In the early twentieth century, excessive drinking was still attributed to a weakness of the will, and thereby considered a moral failing. The evolution of psychological theory eventually turned it into an illness, with its own specific aetiologies and treatment regimes. In the American Psychiatric Association’s Diagnostic and Statistical Manual, it is now termed ‘alcohol use disorder’, in recognition that alcoholism was too one-dimensional a concept to encompass the whole variety of ways in which an individual might succumb to a loss of control over drink. That view has in turn been refined into the notion, acknowledged by Young, that alcohol dependency is not a condition in itself but a symptom, a traumatic indicator of underlying mental instability. Both of the drinkers portrayed here have or had many other psychological issues: while Lockhart came from a fractured family background and suffered from obsessive-compulsive disorder and a dysfunctional approach to sexual relationships, Jamison has, by her own account, been an intermittent self-harmer and anorexic, some of whose close relatives have also been alcoholics.
The Recovering tells Jamison’s own story with reference to the great alcoholic writers, not simply to retail the old myth of the vandalistic fury
of the literary muse, but to ask whether those who did recover from their drinking habits, even if only temporarily, went on to produce better writing when they did so. Raymond Carver is the star witness for this case, but others only let the side down. Charles Jackson’s attempt to write a recovery sequel to The Lost Weekend (1944) ended in the failure of an unpublished dreary manuscript. For others, such as the poet John Berryman, the constant effort to remain sober drains one of so much psychic energy that writing becomes a secondary occupation. Others fade into the sunset, not writing but drowning. Jean Rhys lived into an improbable seniority in rural Devon, snarling at the neighbours, sending an arriving interviewer straight out again for sherry, her existence resolving into a circadian rhythm of drinks and the sadness they medicated.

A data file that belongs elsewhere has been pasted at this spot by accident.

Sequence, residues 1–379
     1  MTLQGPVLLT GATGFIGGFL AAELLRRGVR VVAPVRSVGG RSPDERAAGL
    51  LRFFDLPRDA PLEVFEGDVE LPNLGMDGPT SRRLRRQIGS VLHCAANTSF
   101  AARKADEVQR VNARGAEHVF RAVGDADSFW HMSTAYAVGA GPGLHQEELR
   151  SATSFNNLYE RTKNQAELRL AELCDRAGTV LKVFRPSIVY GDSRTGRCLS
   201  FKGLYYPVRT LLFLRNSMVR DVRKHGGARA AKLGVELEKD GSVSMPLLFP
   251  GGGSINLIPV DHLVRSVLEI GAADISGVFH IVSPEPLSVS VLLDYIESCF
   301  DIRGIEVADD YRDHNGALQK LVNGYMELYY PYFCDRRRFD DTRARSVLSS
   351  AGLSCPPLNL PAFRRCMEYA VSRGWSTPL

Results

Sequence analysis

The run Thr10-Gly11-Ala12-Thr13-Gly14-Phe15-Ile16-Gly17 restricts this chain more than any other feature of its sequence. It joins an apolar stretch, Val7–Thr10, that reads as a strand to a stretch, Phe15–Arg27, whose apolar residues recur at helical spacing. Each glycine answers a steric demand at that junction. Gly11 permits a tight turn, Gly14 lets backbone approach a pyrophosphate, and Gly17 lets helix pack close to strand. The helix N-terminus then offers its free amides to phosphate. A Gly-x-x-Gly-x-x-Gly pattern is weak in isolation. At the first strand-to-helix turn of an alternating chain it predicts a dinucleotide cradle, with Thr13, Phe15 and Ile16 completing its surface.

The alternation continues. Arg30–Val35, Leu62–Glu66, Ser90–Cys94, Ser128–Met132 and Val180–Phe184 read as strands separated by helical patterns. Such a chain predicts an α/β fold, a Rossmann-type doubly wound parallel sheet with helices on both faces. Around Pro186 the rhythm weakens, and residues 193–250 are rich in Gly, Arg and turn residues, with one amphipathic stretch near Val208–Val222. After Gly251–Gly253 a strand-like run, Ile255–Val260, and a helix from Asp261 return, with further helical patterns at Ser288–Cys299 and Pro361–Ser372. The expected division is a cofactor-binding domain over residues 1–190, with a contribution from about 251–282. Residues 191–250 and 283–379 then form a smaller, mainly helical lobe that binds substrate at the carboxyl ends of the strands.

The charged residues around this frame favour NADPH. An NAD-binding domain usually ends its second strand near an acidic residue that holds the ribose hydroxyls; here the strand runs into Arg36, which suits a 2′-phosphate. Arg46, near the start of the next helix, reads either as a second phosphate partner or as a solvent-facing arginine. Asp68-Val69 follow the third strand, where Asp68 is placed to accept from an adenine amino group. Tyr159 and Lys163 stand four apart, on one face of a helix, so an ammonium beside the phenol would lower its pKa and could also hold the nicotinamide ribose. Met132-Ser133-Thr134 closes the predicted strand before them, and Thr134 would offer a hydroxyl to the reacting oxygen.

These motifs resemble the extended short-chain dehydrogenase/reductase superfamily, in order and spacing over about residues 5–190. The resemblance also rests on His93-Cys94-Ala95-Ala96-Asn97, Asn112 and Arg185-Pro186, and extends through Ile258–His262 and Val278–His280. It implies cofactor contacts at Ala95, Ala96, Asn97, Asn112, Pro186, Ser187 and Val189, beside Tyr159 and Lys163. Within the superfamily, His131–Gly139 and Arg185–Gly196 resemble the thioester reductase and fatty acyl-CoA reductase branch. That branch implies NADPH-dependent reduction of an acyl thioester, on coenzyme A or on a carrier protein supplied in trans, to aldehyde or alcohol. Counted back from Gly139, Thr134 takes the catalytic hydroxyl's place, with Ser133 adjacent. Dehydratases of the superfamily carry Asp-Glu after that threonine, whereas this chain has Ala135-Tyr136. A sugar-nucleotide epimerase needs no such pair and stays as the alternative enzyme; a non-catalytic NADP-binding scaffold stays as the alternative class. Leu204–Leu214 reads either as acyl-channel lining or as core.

Woven through the autobiographical account of her own drinking in the midst of a troubled relationship, these sensitively delineated passages of literary analysis are the element that lifts Jamison’s book above the industry standard for such works. It leads to numerous moments of elegantly formed insight into the twinned conditions of addiction and recovery and the psychic landscapes of which they mark the boundaries. ‘One problem with living as if your sadness takes up the whole world,’ she writes, ‘is that it never does’. The observation is made with specific reference to Rhys, but it applies with glaring clarity to her own case. Her erstwhile partner through most of this narrative, whose excruciated sense of Jamison’s vulnerability leads him to suggest to her that she perhaps ought to put herself on calcium supplements, ‘so my bones didn’t break when he fucked me’, is one of those normative drinkers who fail to notice that they have been holding the same half-finished glass of wine for the past three-quarters of an hour, and whose idea of a reckless binge is three bottles of Bud. The effortless restraint such people show is like a red rag to the bullishness of alcohol greed, especially where they are not particularly judgmental about one’s own oceanic thirst.